The temperature jumped into the upper 40s to mid 50s on Tuesday in spite of the clouds hanging tough over Southern New England. For the month, the temperature is averaging 4-6° warmer than normal, and there has been very little snow. It was a different story on Tuesday in Maine where the snow piled up at Sugarloaf Mountain. As of mid-afternoon the mountain had received 16-20″ of snow since Sunday night, and it was still coming down. None of that snow will be moving south into Southern New England, and a couple of dry days can be expected as the next storm gets organized in the South Central United States.
Wednesday will be partly to mostly sunny, windy, and cooler, with highs in the low to mid 40s – still a little mild for mid-December. Wednesday night looks mainly clear and chilly, with lows in the 20s. Clouds will increase in advance of the next storm on Thursday. It will stay dry through the day, the wind will be lighter, and highs will be in the low 40s.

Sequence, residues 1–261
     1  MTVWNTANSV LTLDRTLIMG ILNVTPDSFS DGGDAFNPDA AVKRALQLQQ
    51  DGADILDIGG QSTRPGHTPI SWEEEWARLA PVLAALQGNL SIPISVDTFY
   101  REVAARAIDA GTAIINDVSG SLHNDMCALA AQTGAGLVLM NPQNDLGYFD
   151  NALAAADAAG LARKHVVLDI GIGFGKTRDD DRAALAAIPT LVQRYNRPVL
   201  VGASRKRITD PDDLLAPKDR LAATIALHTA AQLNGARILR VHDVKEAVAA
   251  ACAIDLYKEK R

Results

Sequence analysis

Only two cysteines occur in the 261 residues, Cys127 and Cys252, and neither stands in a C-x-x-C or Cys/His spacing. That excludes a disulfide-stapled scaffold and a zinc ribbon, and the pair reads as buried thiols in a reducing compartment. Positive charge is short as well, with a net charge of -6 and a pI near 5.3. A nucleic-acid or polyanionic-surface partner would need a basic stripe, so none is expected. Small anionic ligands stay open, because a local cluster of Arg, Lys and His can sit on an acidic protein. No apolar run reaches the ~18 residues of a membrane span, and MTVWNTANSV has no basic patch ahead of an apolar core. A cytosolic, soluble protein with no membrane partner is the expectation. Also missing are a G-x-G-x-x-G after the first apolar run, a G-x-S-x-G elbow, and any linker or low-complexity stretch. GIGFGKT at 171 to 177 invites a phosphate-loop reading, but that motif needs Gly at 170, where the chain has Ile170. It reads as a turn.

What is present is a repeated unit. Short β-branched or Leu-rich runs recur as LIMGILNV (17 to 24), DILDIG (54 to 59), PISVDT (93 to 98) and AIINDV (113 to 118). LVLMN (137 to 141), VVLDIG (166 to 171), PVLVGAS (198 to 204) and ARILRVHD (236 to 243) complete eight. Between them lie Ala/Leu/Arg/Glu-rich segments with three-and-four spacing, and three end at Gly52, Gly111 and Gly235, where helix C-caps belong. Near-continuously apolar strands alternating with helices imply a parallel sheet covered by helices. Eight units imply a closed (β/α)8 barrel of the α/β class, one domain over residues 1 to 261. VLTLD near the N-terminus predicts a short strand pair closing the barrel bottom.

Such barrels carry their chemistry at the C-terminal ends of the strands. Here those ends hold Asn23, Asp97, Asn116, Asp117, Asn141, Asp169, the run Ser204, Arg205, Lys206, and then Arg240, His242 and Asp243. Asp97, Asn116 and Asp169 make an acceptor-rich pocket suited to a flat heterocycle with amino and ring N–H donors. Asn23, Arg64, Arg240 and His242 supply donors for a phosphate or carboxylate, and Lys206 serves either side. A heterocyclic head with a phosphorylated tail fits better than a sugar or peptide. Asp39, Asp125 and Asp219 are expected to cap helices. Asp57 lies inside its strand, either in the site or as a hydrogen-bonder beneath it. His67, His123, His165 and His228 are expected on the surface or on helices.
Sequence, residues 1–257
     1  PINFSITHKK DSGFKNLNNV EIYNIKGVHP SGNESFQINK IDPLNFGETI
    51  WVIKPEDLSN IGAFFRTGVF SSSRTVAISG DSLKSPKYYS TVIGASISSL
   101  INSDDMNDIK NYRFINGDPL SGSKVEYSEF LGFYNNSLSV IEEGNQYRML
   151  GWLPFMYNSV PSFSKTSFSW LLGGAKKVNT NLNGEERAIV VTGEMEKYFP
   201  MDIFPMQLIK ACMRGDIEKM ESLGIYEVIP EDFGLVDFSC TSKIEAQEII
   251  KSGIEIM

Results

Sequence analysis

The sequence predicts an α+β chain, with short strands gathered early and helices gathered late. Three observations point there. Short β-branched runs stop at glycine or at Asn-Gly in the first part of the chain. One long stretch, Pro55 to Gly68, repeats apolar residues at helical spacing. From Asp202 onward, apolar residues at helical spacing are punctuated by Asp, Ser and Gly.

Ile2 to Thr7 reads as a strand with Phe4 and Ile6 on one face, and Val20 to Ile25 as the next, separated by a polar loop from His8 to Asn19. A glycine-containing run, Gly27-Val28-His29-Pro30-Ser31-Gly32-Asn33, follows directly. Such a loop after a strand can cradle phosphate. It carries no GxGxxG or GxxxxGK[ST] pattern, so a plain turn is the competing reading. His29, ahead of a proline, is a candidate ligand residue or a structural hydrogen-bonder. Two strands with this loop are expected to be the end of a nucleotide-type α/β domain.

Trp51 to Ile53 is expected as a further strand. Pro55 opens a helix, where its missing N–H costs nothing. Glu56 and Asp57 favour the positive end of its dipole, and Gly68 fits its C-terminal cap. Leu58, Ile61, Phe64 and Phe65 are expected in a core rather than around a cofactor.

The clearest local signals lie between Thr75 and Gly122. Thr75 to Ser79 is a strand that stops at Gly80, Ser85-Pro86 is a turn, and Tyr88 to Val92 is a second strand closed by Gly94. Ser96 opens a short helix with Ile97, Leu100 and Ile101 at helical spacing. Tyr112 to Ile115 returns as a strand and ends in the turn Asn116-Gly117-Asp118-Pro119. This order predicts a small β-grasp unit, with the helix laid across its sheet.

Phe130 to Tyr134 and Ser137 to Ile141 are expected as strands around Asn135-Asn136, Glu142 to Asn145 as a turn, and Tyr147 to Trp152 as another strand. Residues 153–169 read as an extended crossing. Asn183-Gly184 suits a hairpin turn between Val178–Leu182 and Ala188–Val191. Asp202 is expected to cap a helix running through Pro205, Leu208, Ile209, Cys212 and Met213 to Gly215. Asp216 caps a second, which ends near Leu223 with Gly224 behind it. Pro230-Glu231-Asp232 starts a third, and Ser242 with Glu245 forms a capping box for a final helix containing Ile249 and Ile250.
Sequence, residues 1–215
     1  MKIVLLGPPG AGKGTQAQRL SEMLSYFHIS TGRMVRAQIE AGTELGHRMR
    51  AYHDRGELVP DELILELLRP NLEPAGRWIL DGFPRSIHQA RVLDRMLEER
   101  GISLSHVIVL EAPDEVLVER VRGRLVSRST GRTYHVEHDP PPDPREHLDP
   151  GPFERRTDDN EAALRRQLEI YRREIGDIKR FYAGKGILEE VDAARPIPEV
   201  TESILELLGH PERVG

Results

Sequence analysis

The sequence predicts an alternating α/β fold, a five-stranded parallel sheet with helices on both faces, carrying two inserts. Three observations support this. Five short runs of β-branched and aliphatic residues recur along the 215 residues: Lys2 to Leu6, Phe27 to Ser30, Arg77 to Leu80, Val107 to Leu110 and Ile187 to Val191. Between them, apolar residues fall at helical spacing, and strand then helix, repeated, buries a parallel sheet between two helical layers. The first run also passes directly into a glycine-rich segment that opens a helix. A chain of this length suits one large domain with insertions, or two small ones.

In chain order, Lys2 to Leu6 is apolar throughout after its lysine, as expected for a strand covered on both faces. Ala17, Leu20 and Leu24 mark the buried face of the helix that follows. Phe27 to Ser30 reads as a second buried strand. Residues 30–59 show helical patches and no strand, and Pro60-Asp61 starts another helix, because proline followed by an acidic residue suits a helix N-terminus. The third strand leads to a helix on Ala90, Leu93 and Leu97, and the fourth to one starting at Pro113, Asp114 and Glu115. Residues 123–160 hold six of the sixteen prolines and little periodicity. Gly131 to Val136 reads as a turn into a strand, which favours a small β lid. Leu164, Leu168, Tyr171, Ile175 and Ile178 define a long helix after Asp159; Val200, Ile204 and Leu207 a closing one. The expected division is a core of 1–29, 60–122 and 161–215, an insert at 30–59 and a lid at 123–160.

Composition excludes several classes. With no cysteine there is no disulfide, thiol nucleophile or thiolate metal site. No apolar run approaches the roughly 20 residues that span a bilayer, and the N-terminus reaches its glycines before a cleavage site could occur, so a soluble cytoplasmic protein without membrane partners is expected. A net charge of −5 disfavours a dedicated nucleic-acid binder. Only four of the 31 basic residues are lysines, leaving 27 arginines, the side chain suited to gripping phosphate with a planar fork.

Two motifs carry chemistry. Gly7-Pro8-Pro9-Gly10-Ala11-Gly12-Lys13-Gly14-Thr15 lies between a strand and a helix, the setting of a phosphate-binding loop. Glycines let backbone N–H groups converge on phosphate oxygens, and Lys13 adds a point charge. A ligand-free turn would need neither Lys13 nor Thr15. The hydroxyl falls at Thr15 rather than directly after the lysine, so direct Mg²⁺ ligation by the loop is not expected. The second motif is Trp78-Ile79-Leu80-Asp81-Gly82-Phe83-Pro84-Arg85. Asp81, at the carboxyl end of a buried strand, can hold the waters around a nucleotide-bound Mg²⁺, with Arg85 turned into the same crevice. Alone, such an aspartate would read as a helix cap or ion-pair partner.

Rainy storm track continues
The next weather maker is also going to bring rain to Southern New England initially, with a wintry mix in Northern New England. The temperature will rise through the 40s Thursday night as the rain moves in by dawn. The wind will be 15-30 mph out of the southeast ahead of the system. Rain will continue on Friday, with the temperature most likely reaching the upper 40s to low 50s in RI, CT and SE MA. The mild air will not be staying around for long. Once the storm gets north of Southern New England, colder air will wrap in on a gusty west-northwesterly wind. Some snow showers or flurries are possible this weekend, and highs will only be in the 30s.
Right now, it looks like Christmas Eve and Day will be chilly, but mainly dry, with nothing more than a few flurries possible. As a result, Southeastern New England will probably not be seeing a white Christmas this year. The weather pattern should stay active into the new year, and there are signs that it will continue to get colder. Another storm a couple of days after Christmas favors rain, but the overall storm track is gradually shifting south and east, and, eventually SNE will see some snow if the storm track stays active through the first week of January.[/signoff]